Germany's highest court ruled that the results of paternity tests conducted secretly may not be used evidence in court. The court, however, called on legislators to draw up legal framework simplifying paternity tests.
Paternity tests will be made easier by April 2008
The Federal Constitutional Court in Karlsruhe concluded Tuesday that clandestine paternity tests would breach children's rights in determining how their personal information is used. The ruling upholds similar decisions from Germany's lower courts.
Judges, however, also ruled that German lawmakers must lay out a legal framework by the end of March 2008 to ease the process for men who doubt whether they are the biological fathers of children to have paternity tests performed.
Secret genetic tests will remain illegal and the results cannot be used as evidence in court
DNA from chewing gum
Plaintiff Frank S.
The ruling was based on a constitutional complaint from a man known as "Frank S." The man had doubted his paternity based on a medical report confirming that his potency was only 10 percent. He had had a DNA test performed secretly using saliva taken from a piece of gum allegedly chewed by his legal daughter.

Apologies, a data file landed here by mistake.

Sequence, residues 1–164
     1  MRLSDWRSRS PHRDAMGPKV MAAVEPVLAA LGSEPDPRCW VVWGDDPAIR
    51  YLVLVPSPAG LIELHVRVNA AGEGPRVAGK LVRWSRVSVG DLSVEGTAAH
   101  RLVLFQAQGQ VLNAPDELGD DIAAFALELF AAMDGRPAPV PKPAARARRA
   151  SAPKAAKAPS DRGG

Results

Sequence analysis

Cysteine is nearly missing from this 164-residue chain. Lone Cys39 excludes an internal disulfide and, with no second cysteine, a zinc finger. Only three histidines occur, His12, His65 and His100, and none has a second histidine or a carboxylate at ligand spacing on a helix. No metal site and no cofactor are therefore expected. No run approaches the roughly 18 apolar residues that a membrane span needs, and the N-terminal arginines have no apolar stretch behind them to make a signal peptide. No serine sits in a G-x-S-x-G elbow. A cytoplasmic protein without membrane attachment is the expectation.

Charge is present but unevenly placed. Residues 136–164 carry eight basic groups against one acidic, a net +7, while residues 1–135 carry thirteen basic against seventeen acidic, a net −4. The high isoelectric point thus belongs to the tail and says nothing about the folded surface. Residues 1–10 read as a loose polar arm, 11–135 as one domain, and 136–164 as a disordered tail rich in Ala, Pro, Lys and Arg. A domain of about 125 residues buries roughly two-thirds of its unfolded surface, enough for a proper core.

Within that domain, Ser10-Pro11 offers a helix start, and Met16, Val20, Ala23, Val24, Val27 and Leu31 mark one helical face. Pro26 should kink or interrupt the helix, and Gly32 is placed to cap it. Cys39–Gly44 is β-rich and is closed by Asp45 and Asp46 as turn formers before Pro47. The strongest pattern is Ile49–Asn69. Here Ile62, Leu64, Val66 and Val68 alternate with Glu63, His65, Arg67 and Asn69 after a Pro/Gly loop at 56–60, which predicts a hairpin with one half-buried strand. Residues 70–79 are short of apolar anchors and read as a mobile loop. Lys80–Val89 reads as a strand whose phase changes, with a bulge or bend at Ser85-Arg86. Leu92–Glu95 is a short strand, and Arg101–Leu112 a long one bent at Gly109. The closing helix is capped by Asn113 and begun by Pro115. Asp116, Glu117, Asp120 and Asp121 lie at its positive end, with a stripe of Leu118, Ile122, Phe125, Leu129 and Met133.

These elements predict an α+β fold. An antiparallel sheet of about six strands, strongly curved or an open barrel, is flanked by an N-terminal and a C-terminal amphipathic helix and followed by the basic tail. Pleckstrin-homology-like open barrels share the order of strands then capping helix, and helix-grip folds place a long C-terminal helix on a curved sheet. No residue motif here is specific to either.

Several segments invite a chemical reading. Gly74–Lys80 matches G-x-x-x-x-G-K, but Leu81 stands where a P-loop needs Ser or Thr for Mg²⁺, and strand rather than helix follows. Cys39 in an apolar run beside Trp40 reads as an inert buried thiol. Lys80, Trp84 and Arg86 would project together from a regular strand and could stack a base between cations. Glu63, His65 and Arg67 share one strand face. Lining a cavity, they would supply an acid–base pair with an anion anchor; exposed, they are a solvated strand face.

Results from the test showed he was not the father, but the court rejected the use of the results as evidence in court.
Tuesday's decision by the Constitutional Court still makes secret tests illegal, but the judges have clearly stated that men have the right to find out whether they are the biological fathers of children. Once laws are in place in the future, "doubt about paternity" is reason enough to legally challenge paternity.
Currently, the law states that there must be "viable grounds" for a legal challenge, and either the child or mother must agree to a DNA test before one can take place.
The idea is unusual: using theater to get people out of unemployment. Sandra Schürmann, founder of Jobact, is doing just that. In her interview for DW, she explains how that works.
France has launched an investigation into unidentified drones spotted over several of its nuclear plants. The incident has reignited the debate about nuclear safety.
Swedish utility Vattenfall has said it's planning to get rid of its lignite-powered plants and mining facilities in eastern Germany. Although profitable, the business prevents the firm from reducing CO2 emissions.